Sunday, November 15, 2015

****America, Where Are You Now...."- Steppenwolf’s The Monster-Take Four

****America, Where Are You Now...."- Steppenwolf’s The Monster-Take Four




A YouTube Film Clip Of Steppenwolf Performing Monster- Ah, Those Were The Days


 From The Pen Of Bart Webber

America where are you now?

Don't you care about your sons and daughters?

Don't you know we need you now

We can't fight alone against the monster

Chorus Line From The Monster

Back in 2011 Frank Jackman’s friend from back in the old growing up hometown days in the late 1960s in Carver about thirty miles south of Boston toward the ocean, Sam Lowell, had written, under the influence of a rage he was feeling about the never-ending war in Afghanistan (still never-ending as of this 2015 writing as the announcement that five thousand American troops will hunker down in that benighted country until at least 2017), a review of an album of heavy-duty rock band they both loved to listen to back in the day, Steppenwolf. Sam’s impetus for writing that review had been a recent listening to the group’s song Monster on YouTube where he heard the words quoted above, the words that sent him reeling back to another never-ending war time in Vietnam during the 1960s and 1970s. But here is the rub, back then Sam was probably the least political of the guys who hung out around Jimmy Jack’s Diner holding up the wall, checking the passing girls out, and occasionally putting a few quarters in the jukebox inside at the counter or in one the red vinyl-covered seats at a booth if they had eating money as well to hear what was what just then.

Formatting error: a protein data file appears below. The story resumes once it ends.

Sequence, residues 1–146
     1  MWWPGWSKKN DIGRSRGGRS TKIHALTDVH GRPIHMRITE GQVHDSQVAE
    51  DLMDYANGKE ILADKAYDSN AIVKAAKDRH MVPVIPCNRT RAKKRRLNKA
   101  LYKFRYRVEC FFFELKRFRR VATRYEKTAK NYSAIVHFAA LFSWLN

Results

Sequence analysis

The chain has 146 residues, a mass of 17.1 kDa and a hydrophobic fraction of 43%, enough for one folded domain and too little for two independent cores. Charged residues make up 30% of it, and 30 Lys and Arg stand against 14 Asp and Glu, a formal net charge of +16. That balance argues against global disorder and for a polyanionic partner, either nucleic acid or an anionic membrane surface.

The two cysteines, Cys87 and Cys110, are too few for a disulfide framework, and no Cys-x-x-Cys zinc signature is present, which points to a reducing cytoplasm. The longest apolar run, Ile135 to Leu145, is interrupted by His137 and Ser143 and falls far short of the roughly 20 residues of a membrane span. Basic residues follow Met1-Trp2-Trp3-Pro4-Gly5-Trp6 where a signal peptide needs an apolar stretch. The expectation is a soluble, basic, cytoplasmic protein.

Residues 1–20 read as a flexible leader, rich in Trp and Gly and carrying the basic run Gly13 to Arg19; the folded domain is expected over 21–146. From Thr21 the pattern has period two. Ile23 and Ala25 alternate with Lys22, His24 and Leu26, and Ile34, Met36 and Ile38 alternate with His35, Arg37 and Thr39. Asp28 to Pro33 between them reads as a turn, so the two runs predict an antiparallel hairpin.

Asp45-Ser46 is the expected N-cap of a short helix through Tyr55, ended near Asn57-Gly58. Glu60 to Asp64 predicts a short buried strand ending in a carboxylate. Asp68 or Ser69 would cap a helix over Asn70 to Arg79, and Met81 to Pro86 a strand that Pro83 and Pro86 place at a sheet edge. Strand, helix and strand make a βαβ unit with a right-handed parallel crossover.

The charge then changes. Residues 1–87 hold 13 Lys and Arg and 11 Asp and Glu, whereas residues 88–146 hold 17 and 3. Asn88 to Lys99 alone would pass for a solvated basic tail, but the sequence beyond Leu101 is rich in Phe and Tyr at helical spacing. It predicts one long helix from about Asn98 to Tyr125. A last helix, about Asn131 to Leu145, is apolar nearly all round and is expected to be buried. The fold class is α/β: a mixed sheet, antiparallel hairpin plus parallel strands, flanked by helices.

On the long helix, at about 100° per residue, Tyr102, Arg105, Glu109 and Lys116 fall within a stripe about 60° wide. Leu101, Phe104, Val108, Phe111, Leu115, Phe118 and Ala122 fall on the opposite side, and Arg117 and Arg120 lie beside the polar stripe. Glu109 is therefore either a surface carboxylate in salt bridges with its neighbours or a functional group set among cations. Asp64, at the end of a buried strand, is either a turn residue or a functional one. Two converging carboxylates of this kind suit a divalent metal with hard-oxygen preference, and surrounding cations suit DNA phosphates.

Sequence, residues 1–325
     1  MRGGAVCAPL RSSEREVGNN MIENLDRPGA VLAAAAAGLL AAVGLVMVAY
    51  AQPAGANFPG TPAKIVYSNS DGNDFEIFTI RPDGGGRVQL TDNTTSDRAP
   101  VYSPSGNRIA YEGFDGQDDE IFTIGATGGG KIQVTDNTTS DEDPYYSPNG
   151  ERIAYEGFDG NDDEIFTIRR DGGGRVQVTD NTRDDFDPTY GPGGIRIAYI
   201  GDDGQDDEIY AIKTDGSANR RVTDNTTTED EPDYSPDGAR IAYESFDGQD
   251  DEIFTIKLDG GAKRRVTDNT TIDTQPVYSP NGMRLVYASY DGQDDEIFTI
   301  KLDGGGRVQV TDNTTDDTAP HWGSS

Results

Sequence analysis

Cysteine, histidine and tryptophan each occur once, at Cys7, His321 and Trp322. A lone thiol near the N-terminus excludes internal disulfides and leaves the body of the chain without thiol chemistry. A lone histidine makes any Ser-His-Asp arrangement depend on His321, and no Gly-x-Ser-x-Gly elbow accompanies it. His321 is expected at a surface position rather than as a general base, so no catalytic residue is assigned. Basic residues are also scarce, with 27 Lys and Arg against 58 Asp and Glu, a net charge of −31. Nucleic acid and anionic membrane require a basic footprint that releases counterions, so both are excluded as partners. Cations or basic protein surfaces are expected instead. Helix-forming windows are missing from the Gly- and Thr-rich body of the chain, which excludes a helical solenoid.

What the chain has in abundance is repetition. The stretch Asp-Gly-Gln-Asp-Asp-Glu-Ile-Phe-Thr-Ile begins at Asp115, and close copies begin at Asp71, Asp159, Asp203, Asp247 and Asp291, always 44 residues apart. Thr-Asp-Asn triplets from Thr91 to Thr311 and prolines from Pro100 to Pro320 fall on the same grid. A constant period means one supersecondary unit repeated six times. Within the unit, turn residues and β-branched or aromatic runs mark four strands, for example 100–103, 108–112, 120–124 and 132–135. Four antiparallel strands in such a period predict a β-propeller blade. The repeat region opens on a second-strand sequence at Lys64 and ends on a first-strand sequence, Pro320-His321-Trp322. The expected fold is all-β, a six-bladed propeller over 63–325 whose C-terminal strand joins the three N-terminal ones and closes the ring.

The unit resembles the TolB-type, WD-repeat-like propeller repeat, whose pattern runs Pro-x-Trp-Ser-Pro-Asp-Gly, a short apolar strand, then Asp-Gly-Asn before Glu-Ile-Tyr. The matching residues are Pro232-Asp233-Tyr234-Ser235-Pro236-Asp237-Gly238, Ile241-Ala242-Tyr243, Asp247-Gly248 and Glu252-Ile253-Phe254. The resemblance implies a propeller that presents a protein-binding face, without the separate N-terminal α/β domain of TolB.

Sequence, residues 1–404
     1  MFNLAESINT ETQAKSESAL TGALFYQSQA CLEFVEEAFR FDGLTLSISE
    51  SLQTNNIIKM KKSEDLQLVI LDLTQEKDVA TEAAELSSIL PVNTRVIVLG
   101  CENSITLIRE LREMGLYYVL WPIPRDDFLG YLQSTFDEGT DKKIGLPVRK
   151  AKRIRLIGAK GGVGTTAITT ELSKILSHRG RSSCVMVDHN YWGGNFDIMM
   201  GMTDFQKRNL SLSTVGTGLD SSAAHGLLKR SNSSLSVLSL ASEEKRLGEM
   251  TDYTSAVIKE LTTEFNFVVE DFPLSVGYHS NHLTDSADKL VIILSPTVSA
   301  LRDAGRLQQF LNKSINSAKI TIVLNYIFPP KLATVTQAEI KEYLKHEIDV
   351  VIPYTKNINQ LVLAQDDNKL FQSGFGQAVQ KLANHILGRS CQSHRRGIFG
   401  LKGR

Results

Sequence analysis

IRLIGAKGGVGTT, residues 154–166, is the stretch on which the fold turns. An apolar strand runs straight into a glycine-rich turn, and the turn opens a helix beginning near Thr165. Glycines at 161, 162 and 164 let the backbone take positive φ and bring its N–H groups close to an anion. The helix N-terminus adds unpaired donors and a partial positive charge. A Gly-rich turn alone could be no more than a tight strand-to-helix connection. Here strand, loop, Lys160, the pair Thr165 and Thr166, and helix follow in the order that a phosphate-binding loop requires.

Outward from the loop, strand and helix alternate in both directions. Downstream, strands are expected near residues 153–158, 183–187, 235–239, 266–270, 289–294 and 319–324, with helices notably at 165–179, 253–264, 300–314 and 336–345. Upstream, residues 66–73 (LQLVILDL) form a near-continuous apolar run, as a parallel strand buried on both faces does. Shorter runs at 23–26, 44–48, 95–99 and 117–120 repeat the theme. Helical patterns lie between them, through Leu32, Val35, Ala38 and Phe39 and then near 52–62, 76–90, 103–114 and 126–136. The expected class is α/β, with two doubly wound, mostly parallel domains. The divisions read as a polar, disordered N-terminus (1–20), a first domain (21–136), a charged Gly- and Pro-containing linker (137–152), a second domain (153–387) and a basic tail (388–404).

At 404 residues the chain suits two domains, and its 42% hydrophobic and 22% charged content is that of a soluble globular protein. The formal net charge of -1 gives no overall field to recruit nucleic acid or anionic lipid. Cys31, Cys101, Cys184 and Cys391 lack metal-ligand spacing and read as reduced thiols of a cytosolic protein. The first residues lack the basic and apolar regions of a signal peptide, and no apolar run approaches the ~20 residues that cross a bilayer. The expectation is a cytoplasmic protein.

Those Steppenwolf lyrics about parents “abandoning” their kids leaving them alone and untutored in the ways of the harsh world to fight the monster machine that would devour them in a fit of consumer-culture death if not fought had hit home not because of the raging war but because of his own difficulties with his parents, his own having to go it alone to find his own path, a path that took many wrong turns.  Frank a little more attuned to the swirl of the political maelstrom around him “got” the less personal aspect of fighting against the imperial government machine at all costs in the song and tried unsuccessfully to convey that understanding to Sam even though he too had had his own running battles mainly with his mother over what the hell he was to do in the world, about why he did not want to do the things his parents craved for him to do.